• All About Reading by All About Learning Press: Level 2 for both Pynni and Pieces (Pieces has caught up with Pynni and will pass her soon. They’ll both move on to Level 3 this year).
  • Explode the Code by Nancy Hall: Level 3.5 for Pynni and Level 3.5 for Pieces (they will be moving up to Level 4 in the near future)
  • Guinness Book of World Records Reading (comprehension): Chi (He is almost finished with the last book of this.)
  • Reading Detective by Critical Thinking Co.: Chi
  • Writing with Ease by Susan Wise Bauer: Pynni Level 2 and Pieces Level 1 (Chi finished WWE and moved on to Writing With Skill: commented on above)
  • First Language Lessons by Jessie Wise: all three kids although Chi is on the last level and will be finished with it shortly.
  • Vocabulit by Perfection Learning: all three kids

Mathematics and Critical Thinking 

  • Math U See by Demme Learning: all three kids
  • Mathematical Reasoning by Critical Thinking Co.: all three kids
  • Building Thinking Skills by Critical Thinking Co.: all three kids
  • Kumon Publishing North America, Inc.: My Book of Easy Telling Time; My Book of Telling Time; My First Book of Money:Counting Coins; My Book of Money: Dollars and Cents: Pynni and Pieces (They hated the time telling and money counting apps. I don’t know why because they seemed fun and well done to me, but these books have been very helpful and not so fraught with drama. They’ve both completed the time telling ones and can both tell time accurately on analog clocks. There are length, weight, and volume books that I will be using once the money counting books are done. Math U See covers time telling and money counting, but there wasn’t enough repetition, or hasn’t been yet, to really engrain the concepts).
  • Balance Benders:Logic and Algebraic Reasoning Puzzles by Critical Thinking Co.: Chi

Extras: 

  • Handwriting Without Tears: all three kids with Pynni and Chi learning cursive
  • Snatch: a programming language for Chi
  • Kano by KANO Computing LTD.: initially for Chi, but will expand to the other two as I see how it works with him. (It’s a computer you build yourself. It uses Linux and Raspberry Pi and teaches the basics of programming)
  • A History of US by Joy Hakim: all three kids
  • R.E.A.L Science Odyssey by Pandia Press: all three kids
  • Supercharged Science  by Aurora Lipper: all three kids
  • Which Way USA? and Top Secret Adventures by Highlights: all three kids (this helps cover basic geography on top of what they learn in their history curriculum)
  • Piano Adventures by Faber: all three kids

Joint Reading:

  • Harry Potter and the Half Blood Prince by J.K. Rowling (We’ve been reading through the Harry Potter series. I thought I’d start including our group read-aloud books here, as well.)

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I’m really happy with Math U See still and all of All About Learning Press’s stuff (All about Reading and All about Spelling). I really like Writing with Ease and First Language Lessons, but Writing with Skill (the next set of books after Writing with Ease) was just not something that was working for Chi. I felt like it shoved him into the deep end of writing without a flotation device when I’d just been teaching him to tread water.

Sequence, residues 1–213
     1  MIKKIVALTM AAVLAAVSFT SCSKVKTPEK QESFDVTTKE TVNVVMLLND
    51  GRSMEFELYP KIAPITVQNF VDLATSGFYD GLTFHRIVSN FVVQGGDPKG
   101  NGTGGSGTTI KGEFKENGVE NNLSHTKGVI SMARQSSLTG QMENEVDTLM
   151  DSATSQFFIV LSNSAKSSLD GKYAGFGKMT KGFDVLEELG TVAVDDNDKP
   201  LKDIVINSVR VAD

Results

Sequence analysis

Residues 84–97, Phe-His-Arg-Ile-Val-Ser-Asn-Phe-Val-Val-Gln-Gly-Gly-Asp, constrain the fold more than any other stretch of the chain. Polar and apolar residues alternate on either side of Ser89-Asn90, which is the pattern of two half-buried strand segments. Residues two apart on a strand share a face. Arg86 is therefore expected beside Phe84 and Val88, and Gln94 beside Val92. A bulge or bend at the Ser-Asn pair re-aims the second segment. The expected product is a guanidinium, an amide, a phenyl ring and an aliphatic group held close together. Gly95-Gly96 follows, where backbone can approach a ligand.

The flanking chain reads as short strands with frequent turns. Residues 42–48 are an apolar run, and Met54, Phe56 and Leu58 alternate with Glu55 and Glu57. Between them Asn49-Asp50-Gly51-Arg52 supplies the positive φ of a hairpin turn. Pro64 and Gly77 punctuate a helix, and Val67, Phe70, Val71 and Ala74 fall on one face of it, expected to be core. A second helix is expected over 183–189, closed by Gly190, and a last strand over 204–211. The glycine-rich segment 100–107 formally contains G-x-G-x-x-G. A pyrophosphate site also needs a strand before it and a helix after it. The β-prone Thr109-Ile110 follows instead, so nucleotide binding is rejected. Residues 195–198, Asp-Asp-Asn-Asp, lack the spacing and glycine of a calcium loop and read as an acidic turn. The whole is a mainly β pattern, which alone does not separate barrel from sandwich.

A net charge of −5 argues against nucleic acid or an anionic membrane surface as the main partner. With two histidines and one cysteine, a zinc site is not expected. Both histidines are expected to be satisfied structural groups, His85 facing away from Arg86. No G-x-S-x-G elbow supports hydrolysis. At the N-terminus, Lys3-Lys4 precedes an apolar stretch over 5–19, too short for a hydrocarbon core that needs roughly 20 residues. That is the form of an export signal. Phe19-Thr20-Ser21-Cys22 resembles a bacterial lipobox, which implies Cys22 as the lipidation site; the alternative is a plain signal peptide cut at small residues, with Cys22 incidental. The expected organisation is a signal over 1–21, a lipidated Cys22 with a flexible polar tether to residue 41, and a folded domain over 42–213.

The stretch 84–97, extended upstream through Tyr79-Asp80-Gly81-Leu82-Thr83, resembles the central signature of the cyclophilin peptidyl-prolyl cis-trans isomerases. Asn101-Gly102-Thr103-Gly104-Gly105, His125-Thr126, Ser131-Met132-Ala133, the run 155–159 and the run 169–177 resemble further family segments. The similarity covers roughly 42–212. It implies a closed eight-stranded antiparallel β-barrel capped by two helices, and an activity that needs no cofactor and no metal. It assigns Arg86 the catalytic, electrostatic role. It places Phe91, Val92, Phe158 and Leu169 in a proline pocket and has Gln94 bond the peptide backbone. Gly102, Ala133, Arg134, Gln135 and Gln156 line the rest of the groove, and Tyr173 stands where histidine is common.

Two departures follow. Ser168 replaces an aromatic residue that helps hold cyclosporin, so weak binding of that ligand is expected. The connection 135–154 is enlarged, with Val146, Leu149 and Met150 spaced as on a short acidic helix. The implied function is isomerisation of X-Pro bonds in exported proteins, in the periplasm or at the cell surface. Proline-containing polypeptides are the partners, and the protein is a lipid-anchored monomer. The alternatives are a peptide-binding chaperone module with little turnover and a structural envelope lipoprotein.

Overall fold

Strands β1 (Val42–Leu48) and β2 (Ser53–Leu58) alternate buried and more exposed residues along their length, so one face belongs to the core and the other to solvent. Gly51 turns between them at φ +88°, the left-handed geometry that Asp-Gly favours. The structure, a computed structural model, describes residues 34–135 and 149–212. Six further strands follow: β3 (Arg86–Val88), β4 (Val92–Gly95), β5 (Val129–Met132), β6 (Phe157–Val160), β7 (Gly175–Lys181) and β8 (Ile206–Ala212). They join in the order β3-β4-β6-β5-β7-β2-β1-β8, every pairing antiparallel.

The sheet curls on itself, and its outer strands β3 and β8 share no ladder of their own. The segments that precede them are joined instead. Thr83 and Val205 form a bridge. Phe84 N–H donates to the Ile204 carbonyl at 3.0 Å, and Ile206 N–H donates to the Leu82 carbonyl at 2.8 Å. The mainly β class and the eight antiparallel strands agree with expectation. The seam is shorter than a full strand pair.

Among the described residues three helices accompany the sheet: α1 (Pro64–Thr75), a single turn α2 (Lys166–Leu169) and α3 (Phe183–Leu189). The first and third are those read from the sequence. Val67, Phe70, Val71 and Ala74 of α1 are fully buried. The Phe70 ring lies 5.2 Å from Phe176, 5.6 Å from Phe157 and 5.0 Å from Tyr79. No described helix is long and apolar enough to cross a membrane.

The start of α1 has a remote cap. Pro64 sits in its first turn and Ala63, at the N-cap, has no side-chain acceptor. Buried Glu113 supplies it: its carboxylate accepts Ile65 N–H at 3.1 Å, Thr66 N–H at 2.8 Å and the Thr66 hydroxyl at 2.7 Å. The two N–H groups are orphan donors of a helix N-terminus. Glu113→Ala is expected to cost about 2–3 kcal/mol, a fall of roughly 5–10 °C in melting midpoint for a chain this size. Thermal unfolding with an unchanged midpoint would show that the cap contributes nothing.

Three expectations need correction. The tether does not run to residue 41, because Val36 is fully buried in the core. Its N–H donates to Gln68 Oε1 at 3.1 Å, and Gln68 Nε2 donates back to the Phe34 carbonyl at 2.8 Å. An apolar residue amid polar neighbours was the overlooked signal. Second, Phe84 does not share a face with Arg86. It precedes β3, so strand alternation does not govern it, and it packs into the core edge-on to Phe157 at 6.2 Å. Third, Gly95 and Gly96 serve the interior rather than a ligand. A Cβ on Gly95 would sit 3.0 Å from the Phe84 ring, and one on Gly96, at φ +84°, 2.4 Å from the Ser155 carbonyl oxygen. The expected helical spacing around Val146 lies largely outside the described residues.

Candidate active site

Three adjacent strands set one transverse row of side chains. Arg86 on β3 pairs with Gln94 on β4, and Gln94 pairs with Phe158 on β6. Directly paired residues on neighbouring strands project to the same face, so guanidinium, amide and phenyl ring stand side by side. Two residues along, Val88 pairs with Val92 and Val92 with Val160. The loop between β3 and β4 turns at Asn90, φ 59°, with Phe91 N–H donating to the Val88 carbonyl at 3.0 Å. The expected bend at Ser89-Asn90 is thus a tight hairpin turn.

So I’m looking long and hard at Michael Clay Thompson Language Arts Curriculum. It’s a comprehensive curriculum that includes vocabulary, grammar, reading comprehension, and writing. My biggest hesitation with this curriculum is that it IS comprehensive. What if one part of it doesn’t work for us? Also, we like Vocabulit very much, but maybe it wouldn’t hurt to have a little overlap in curricula. My second biggest hesitation is the cost, but then I spend quite a bit on Peace Hill Press books so that will cover some of the expense. I’m also a little hesitant because it is SO intensive, but I know I can pull back and slow down as needed.

In order to give MCT a shot, though, Chi has to complete First Language Lessons (grammar), Guiness World Records Reading (comprehension), and Reading Detective (comprehension). I have until then to decide. I see a trip to  the Homeschool Gathering Place (our local homeschool store) for knowledgeable input into this decision.

So, hello? How’ve you been? For me? It feels good to be back.

 

Prepping for School

Prepping for School

We’ve officially started our school year. We’re actually about six weeks into it now. The last two years have seen a lot of fluctuation in our curricula for various reasons. So the following is where we are now, and will hopefully be for some time to come.

Language Arts: spelling, reading, writing, grammar, vocabulary

  • All About Spelling by All About Learning Press: all three kids
  • All About Reading by All About Learning Press: Level 1 for Pieces and Level 2 for Pynni
  • Explode the Code by Nancy Hall: Level 2.5 for Pynni and Level 1.5 for Pieces (they will be moving up to 3 and 2 respectively in the near future)
  • Guinness Book of World Records Reading (comprehension): Chi
  • Reading Detective by Critical Thinking Co.: Chi
  • Writing with Ease by Susan Wise Bauer: Pynni and Chi. Pieces will start when Pynni moves on to the next level.
  • First Language Lessons by Jessie Wise: all three kids
  • Vocabulit by Perfection Learning: Chi

Mathematics and Critical Thinking 

  • Math U See by Demme Learning: all three kids
  • Splash Math App by Study Pad Inc.: all three kids
  • Mathematical Reasoning by Critical Thinking Co.: all three kids